Routing and RIB
Every BGP router has a standard routing table, which is used to steer data packets in transit. This internal table is used together with an external routing information base (RIB), which is a table of routing data stored on a server on the BGP router. The RIB holds routing information for internal peers and directly connected external peers. It continually refreshes the routing table as changes occur.
Each BGP peer exchanges routing information with its neighbors in the form of network prefix announcements. In turn, each peer maintains a table of all the routes it knows for each network. It can then convey that information to its neighboring autonomous systems.
So BGP allows each autonomous system to gather routing information from its neighbors, and announce or “advertise” that information. Each peer can then transfer this data internally within its own autonomous system.
Internal and External BGP
Traffic routed within the network of a single autonomous system is referred to as internal Border Gateway Protocol, or iBGP. When BGP is used to link one autonomous system to another, this traffic is known as external Border Gateway Protocol or eBGP.
How Border Gateway Protocol Operates
Border Gateway Protocol is designed to make the best possible connection path based on current network availability and other factors such as the path characteristics and hop counts. It acts as a routing protocol on the edge of each network, relaying information regarding the structure of the network behind its gateway router.
This data may then be sent to other BGP routers, to alert them as to which networks were discovered. A BGP router can announce routes that it has learned, and can retransmit the routes learned from the Internal Gateway Protocols (IGPs) found on other networks.
In addition to routing data, BGP exchanges information with other BGP systems on the availability and accessibility of networks for autonomous system paths. In this way, the architecture of the entire network infrastructure may be drawn up on both sides of a BGP link.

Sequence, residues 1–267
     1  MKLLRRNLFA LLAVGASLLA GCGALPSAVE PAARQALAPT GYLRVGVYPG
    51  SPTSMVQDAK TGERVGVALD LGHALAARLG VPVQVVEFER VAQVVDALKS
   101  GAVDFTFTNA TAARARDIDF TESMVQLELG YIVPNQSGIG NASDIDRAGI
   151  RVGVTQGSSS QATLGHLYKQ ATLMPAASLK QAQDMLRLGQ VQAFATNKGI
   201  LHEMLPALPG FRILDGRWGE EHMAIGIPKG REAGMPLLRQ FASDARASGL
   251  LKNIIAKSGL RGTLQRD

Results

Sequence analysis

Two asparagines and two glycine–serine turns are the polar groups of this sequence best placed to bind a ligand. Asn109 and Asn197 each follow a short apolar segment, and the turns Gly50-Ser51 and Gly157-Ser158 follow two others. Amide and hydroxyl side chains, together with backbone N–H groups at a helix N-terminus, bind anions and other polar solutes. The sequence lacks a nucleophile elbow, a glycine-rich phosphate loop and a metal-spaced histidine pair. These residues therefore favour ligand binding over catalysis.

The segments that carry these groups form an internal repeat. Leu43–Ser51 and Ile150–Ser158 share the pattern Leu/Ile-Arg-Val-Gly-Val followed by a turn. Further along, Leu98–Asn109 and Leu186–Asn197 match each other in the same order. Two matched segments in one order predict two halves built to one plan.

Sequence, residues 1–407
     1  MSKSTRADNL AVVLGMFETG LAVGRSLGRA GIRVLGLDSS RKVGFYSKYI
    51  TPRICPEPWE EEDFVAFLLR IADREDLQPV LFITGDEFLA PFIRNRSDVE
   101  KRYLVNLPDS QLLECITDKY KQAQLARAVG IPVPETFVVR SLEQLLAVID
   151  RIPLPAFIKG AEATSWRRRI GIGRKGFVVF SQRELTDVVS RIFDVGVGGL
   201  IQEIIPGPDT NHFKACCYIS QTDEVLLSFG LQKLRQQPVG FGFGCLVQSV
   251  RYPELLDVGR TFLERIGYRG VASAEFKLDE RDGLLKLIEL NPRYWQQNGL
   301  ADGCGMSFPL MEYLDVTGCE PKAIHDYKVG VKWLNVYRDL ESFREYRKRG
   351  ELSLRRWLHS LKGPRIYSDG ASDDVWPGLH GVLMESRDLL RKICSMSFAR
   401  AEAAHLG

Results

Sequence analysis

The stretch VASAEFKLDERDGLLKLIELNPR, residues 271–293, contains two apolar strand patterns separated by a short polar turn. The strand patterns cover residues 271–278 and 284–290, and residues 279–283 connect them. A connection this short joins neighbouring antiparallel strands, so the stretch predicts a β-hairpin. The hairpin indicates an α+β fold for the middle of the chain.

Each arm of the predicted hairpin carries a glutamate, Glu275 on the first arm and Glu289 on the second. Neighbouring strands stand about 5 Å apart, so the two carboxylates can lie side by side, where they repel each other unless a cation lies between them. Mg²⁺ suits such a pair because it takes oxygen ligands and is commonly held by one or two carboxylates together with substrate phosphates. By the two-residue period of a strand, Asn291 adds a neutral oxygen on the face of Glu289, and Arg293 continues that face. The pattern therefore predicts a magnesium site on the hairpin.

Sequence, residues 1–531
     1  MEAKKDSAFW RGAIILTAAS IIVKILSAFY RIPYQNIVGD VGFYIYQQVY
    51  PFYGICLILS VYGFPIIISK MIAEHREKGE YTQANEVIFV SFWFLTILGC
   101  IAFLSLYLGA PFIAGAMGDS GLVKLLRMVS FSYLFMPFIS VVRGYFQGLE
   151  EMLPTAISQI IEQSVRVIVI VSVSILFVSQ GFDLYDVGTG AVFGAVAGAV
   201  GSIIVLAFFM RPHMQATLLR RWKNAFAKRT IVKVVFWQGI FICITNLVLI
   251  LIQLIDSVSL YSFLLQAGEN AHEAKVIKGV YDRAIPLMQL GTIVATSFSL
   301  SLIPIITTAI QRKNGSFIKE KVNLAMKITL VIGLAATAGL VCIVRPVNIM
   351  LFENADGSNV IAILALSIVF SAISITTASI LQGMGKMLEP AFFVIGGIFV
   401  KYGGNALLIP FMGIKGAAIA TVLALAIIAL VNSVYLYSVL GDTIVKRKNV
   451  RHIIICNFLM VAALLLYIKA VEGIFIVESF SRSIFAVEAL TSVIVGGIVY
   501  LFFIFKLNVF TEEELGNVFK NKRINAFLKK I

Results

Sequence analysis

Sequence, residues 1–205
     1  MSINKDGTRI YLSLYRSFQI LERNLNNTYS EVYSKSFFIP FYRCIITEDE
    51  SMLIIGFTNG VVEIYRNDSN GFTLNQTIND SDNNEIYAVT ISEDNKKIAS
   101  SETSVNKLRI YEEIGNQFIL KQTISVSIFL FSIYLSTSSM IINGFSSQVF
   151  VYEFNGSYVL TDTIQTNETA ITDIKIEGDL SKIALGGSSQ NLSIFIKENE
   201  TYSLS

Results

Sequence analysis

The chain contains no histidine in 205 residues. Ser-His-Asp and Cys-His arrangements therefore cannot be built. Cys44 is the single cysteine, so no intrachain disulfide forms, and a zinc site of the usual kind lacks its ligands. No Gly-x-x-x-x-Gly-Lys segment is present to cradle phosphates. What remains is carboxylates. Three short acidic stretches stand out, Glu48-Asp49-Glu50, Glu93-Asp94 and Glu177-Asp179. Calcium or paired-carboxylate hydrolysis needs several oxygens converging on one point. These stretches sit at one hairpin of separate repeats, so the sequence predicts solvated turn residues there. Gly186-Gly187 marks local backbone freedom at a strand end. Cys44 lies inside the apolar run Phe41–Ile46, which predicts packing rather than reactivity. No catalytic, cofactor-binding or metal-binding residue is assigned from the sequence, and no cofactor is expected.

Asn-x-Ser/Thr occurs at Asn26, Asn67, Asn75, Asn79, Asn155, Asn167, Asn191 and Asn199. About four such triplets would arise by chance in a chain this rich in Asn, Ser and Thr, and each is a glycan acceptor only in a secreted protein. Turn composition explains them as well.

When two BGP systems communicate, they initially attempt to do so using version 4 of the protocol. If either of the systems doesn’t support this latest version, they will try to negotiate down to the most recent version of the protocol that both systems are compatible with.
BGP makes its routing decisions based on a mathematical assessment of the best currently available path suggested by the information gathered from nodes and routers, and an autonomous system’s routing policy, which may be influenced by connection speed, reliability, and cost issues for the organization involved.
Security and Configuration Issues
Border Gateway Protocol isn’t without its problems, of course. Poorly configured BGP sessions can have unintended or even disastrous consequences – as was the case when the government of Pakistan tried to ban YouTube in 2008, and inadvertently (allegedly?) consigned much of YouTube’s global traffic to a black hole, while transmitting Pakistan Telecom’s Upstream IP Transit Provider to the world at large.
Malicious intent is also a complicating factor, as “man-in-the-middle” attacks may be staged by hijacking unsecured BGP peers or exploiting unverified routes to announce IP address ranges that redirect traffic to a cyber-attackers own autonomous system.